Curated by Brandon Johnson, this interactive exhibition encourages visitors to participate in a drawing experiment by creating portraits of a 3D-printed version of the Stanford Bunny—an iconic computer graphics model. Participants thus contribute their own perspectives to the long tradition of depicting rabbits in the arts and investigate what happens when a complex, computer-generated composite image is rendered by hand.
Down the Rabbit Hole explores the rabbit and hare as common motifs and potent symbols in mythology and the visual arts—representing love, lust, fertility, purity, rebirth, and resurrection. In his 1965 action How to Explain Pictures to a Dead Hare, artist Joseph Beuys viewed the hare as “a symbol of incarnation, which the hare enacts—something a human can only imagine.” Albrecht Dürer’s Young Hare (1502), one of the most famed depictions of an animal in the history of European art, exemplifies a desire to achieve the highest degree of precision and realistic representation by hand. This image has been reproduced and artistically reinterpreted by numerous contemporary artists. In popular culture, the rabbit appeared in human form in Lewis Carroll’s 1865 novel Alice’s Adventures in Wonderland. The term “down the rabbit hole” stems from this novel and serves as a metaphor for entry into the unknown, disorienting, or mentally altering. American rock band Jefferson Airplane expanded upon this metaphor in their 1967 song “White Rabbit.”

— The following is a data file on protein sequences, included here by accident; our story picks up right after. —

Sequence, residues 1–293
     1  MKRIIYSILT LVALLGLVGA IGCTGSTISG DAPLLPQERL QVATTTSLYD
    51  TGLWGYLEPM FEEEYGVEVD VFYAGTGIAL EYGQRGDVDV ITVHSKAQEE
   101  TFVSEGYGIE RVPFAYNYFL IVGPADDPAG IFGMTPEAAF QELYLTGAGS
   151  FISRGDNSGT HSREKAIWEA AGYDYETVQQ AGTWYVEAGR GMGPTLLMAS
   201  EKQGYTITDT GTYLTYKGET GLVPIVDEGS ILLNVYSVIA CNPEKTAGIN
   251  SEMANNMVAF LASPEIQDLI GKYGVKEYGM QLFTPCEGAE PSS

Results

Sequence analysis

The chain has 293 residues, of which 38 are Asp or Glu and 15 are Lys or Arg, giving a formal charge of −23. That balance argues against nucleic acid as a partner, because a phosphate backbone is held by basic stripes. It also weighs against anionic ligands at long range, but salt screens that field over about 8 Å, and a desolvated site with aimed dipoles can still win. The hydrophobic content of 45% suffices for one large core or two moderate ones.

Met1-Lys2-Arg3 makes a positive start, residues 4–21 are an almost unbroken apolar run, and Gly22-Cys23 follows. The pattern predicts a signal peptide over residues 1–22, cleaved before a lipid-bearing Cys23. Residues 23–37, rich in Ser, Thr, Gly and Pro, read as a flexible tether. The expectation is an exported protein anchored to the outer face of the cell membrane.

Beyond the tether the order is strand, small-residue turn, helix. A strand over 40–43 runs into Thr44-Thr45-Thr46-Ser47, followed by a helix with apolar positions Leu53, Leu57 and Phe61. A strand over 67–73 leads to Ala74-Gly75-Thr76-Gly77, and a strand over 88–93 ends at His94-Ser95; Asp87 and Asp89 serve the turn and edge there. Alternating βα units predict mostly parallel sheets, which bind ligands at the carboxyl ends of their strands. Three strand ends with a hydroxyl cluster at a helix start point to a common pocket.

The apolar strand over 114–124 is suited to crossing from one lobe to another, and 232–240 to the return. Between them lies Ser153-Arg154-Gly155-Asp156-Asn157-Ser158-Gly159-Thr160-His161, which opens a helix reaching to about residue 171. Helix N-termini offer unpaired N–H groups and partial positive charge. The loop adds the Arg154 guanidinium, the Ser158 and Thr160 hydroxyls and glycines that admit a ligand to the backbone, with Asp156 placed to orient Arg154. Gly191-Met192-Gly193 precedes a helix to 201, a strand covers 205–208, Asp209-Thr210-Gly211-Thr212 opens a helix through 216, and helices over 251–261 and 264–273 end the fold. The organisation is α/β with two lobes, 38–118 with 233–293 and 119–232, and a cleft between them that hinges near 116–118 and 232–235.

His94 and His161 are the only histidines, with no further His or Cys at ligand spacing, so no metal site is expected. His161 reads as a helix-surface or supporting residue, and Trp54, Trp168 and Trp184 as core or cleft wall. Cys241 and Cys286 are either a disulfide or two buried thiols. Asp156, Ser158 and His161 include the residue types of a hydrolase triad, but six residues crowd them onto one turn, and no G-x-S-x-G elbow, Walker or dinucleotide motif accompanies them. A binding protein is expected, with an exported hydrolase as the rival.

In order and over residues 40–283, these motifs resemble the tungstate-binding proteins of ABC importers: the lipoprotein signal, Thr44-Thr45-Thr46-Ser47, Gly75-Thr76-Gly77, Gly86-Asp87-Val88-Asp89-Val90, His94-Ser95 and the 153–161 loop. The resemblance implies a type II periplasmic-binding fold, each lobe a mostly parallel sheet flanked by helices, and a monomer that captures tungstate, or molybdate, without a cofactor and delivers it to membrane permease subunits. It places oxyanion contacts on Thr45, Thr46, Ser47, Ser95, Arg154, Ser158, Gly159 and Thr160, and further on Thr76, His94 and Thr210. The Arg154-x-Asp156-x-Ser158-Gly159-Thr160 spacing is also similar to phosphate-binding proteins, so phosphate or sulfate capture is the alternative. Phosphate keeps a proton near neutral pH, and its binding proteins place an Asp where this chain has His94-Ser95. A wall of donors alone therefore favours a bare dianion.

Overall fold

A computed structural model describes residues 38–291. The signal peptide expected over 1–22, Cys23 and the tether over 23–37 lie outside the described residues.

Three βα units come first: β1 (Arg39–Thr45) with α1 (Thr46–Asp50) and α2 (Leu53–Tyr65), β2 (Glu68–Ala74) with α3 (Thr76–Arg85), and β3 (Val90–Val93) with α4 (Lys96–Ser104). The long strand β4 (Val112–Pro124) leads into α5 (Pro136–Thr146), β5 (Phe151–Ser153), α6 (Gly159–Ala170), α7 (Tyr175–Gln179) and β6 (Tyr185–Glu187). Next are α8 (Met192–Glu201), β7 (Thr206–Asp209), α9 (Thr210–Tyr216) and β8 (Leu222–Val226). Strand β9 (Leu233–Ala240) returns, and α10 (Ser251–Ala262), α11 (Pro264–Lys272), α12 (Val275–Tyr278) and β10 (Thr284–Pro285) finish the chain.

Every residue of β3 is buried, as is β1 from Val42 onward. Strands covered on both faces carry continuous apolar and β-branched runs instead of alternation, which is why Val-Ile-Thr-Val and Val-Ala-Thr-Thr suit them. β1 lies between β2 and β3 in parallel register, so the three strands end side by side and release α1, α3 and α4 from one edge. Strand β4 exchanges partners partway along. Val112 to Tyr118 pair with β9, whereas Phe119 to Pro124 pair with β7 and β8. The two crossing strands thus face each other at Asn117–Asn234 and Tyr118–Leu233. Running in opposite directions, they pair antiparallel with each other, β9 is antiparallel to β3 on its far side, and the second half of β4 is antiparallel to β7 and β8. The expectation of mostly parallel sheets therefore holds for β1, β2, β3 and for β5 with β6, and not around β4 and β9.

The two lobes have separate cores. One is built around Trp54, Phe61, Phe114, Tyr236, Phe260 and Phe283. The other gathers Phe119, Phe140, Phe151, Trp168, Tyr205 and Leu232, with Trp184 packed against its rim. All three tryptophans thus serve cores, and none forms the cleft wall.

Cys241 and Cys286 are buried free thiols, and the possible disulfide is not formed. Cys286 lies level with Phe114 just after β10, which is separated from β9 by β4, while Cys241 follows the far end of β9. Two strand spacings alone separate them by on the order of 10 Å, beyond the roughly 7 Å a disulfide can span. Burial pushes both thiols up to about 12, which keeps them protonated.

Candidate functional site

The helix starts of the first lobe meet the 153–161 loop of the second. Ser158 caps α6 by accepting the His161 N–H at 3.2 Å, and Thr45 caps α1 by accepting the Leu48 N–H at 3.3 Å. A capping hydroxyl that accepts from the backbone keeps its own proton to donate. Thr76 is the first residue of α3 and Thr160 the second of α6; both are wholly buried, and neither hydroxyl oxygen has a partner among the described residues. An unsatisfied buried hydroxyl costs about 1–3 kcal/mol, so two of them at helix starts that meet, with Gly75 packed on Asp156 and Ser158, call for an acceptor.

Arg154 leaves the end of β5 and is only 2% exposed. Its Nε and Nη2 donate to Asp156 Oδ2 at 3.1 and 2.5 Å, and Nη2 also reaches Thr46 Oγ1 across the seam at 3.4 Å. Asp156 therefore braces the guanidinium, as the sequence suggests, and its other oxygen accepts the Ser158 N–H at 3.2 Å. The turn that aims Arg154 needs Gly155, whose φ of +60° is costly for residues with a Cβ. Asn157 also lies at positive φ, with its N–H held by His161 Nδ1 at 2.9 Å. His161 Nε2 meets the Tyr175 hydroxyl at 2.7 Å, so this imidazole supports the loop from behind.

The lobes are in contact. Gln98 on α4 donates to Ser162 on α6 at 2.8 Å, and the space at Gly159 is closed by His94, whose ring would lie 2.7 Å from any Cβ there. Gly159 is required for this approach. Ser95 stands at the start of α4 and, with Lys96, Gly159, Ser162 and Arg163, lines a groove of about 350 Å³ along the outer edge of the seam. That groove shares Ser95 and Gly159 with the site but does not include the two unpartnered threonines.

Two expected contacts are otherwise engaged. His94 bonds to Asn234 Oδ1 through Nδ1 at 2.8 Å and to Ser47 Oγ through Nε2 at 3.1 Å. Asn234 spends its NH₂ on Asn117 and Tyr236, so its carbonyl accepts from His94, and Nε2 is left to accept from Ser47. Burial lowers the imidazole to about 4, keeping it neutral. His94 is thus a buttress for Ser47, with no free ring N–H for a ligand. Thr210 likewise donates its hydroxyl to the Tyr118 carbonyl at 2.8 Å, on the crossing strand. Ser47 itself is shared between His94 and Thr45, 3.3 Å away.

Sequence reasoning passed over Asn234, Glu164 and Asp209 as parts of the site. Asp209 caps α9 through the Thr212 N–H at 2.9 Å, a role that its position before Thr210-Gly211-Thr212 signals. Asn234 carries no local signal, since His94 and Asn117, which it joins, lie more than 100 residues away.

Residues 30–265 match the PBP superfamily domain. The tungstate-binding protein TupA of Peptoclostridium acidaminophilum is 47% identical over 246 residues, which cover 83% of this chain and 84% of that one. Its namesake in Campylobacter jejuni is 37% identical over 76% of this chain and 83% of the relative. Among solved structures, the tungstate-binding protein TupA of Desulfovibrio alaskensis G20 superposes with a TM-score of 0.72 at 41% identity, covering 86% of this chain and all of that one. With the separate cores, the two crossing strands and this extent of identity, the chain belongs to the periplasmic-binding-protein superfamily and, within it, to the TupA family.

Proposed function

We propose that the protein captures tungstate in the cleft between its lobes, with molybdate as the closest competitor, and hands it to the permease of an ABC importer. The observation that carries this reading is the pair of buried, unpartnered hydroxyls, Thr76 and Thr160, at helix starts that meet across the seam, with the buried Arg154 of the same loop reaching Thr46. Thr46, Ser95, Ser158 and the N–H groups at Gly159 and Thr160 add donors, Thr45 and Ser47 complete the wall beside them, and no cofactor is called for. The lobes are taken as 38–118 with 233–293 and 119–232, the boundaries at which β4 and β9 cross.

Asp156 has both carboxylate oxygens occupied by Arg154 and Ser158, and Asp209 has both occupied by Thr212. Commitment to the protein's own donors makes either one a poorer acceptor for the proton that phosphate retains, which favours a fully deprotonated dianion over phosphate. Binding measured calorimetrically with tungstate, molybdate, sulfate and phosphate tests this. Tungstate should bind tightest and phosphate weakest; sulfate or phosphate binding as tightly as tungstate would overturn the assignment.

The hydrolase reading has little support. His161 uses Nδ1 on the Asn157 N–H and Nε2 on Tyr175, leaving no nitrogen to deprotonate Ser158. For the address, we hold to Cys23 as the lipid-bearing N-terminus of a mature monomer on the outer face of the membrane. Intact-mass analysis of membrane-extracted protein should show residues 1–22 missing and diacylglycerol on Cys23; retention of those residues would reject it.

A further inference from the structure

The Stanford Bunny is an iconic computer graphics model developed by Greg Turk and Marc Levoy at Stanford University in 1994. This model has been used as a standard for testing and demonstration in the field ever since. The Stanford Bunny was created through the technique of range scanning, a process involving multiple, even hundreds, of scans from many different directions to obtain sufficient information to merge into a composite model. Once in the digital plane, the model can be manipulated and altered at will.
For this Present Box exhibition, a 3D-printed version of the Stanford Bunny will be on view atop a pedestal surrounded by drawing stools. Visitors are invited to create their own portraits of the bunny using provided materials. Dürer’s pinnacle of representation is not the expectation. Instead, their own hand should be allowed to determine the composition. By capturing a variety of unique perspectives, this drawing process mimics the range scanning from which the original Stanford Bunny model was derived. But what happens when scanning is done through the human brain and body, rather than by machine? We return to the role of interpretation in human perception and creation—sending the Stanford Bunny “down the rabbit hole” of the mind. Drawings will be pinned to the wall alongside a reproduction of Dürer’s Young Hare to demonstrate the inherent variation of the work produced. At the conclusion of the exhibition, all drawings will be scanned and layered through feature-based image registration into a single composite 2D image and made available as a free crowd-sourced edition—the newest incarnation of this mythical creature.
Brandon Johnson is Managing Editor of New York-based zingmagazine.
Opening Reception: June 16, 6-8pm
Closing Reception: June 26, 6-8pm